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5. Alienation, by common assurances; which are
s 1. General nature,
12. Several species
2. Matter of record
3. Special custom
II. Things personal, or chattels; in which are considered
1. Their distribution
2. Property therein
3. Title to them; which may be gained or lost by
A N A L Y SIS
OF THE RIGHTS OF THINGS.
OF PROPERTY, IN GENERAL. 1. All dominion over external objects has its original from the gift of the Creator to man in general.
Page 2 2. The substance of things was, at first, common to all mankind; yet a temporary property in the use of them might even then be acquired and continued by occupancy.
3 3. In process of time a permanent property was established
a in the substance, as well as the use of things; which was also originally acquired by occupancy only.
4, 5 4. Lest this property should determine by the owner's dereliction, or death, whereby the thing would again become common, societies have established conveyances, wills, and heirships, in order to continue the property of the first occupant: and, where by accident such property becomes discontinued or unknown, the thing usually results to the sovereign of the state, by virtue of the municipal law.
9_11 5. But of some things, which are incapable of permanent substantial dominion, there still subsists only the same transient usufructuary property, which originally subsisted in all things. 14
CHAPTER II. OF REAL PROPERTY; AND, FIRST, OF CORPOREAL HEREDITAMENTS.
1. In this property, or exclusive dominion, consist the rights of things; which are, I. Things real. II. Things personal. 16
2. In things real may be considered, 1. Their several kinds. II. The tenures by which they may be holden. III. The estates which may be acquired therein. IV. Their title, or the means of acquiring and losing them.
Page 16 3. All the several kinds of things real are reducible to one of these three, viz. lands, tenements, or hereditaments; whereof the second includes the first, and the third includes the first and second.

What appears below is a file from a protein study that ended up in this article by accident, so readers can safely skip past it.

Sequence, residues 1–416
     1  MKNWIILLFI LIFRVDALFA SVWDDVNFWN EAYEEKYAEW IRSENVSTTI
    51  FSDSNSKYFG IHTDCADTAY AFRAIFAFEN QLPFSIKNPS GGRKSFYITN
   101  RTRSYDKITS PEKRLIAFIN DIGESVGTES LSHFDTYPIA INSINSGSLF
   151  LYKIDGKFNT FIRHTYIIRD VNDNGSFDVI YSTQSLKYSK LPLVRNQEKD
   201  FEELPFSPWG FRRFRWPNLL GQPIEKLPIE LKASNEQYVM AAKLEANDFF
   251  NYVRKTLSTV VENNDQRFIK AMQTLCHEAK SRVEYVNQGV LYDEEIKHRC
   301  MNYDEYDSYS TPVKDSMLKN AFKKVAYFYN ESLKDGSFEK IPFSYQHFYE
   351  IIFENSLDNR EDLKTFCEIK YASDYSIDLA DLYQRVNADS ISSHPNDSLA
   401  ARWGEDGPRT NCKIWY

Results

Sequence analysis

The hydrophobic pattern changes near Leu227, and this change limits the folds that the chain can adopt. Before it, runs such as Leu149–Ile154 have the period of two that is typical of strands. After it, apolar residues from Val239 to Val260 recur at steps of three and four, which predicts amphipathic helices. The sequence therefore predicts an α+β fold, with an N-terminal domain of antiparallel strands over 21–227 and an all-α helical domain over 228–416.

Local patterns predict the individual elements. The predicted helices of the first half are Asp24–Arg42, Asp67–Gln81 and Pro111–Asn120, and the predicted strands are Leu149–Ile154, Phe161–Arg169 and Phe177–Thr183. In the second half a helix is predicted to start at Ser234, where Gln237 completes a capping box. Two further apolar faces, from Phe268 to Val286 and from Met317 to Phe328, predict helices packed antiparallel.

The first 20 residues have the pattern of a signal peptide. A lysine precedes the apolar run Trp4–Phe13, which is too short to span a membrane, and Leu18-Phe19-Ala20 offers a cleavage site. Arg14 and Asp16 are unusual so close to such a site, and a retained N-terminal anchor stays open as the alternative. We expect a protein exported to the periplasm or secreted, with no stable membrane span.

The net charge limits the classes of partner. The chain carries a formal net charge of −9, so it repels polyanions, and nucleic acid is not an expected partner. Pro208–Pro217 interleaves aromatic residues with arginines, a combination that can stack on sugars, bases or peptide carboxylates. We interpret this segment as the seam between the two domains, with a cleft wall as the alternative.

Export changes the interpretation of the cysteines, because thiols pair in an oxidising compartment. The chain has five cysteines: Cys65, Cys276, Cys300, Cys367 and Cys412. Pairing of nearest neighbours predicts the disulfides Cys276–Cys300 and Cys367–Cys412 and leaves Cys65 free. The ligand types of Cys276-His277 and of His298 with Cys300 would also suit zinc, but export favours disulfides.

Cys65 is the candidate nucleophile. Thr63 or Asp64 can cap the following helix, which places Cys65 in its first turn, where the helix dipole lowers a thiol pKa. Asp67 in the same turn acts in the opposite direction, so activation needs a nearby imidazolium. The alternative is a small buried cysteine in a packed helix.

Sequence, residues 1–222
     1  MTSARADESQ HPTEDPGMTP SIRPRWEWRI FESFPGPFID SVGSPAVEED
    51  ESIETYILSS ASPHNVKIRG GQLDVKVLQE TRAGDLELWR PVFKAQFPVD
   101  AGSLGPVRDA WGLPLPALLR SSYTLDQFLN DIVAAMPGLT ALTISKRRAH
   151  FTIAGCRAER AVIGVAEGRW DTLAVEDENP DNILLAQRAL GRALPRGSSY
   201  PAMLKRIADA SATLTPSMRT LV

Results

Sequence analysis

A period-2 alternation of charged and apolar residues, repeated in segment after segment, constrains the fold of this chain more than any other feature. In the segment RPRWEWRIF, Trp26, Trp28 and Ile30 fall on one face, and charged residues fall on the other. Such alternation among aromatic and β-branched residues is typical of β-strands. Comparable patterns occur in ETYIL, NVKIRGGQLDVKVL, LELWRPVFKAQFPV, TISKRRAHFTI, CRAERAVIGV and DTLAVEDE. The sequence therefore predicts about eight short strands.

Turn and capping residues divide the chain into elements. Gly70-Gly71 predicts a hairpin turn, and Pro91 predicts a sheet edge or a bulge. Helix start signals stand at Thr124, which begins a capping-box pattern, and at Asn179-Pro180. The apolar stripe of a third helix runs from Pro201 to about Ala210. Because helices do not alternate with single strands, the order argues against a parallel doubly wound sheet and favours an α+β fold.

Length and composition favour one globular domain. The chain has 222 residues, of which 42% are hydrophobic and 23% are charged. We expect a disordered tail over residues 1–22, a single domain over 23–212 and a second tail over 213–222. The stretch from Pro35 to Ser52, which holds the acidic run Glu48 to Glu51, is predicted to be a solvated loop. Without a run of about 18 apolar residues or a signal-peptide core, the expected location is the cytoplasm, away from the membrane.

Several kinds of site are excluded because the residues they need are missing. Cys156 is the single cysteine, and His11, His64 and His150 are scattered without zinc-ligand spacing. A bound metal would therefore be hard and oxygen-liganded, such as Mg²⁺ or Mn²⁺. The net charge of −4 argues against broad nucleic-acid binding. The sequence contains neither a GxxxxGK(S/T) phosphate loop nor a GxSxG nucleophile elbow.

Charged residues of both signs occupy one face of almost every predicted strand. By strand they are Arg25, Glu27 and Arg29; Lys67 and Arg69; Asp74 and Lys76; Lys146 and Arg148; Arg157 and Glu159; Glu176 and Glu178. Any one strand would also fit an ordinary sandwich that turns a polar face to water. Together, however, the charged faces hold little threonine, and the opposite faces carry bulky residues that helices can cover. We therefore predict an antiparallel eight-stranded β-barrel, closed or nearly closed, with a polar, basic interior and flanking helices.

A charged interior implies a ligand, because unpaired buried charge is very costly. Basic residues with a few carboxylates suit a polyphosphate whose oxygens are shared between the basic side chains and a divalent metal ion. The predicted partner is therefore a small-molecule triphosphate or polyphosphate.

16 4. Hereditaments therefore, or whatever may come to be inherited (being the most comprehensive denomination of things real), are either corporeal or incorporeal.
17 5. Corporeal hereditaments consist wholly of lands, in their largest legal sense; wherein they include not only the face of the earth, but every other object of sense adjoining thereto, and subsisting either above or beneath it.
OF INCORPOREAL HEREDITAMENTS. 1. INCORPOREAL hereditaments are rights issuing ont of things corporeal, or concerning, or annexed to, or exercisable within,
20 2. Incorporeal hereditaments are, I. Advowsons. II. Tithes. III. Commons. IV. Wavs. V. Offices.
IV. Ways. V. Offices. VI. Dignities. VII. Franchises. VIII. Corodies or pensions. IX. Annuities. X. Rents.
21-41 3. An advowson is a right of presentation to an ecclesiastical benefice; either appendant, or in gross. This may be, I. Presentative. II. Collative. III. Donative.
21-23 4. Tithes are the tenth part of the increase yearly arising from the profits and stock of lands, and the personal industry of mankind. These, by the antient and positive law of the land, are due of common right to the parson, or (by endowment) to the vicar; unless specially discharged, I. By real composition. II. By prescription, either de modo decimandi, or de non decimando.
24-31 5. Common is a profit which a man hath in the lands of another; being, I. Common of pasture; which is either appendant, appurtenant, because of vicinage, or in gross. II. Common of piscary. III. Common of turbary. IV. Common of estovers, or botes.
32-35 6. Ways are a right of passing over another man's ground. 35
7. Offices are the right to exercise a public, or private, employment.
36 8. For dignities, which are tities of honour, see Book I. Ch. XII.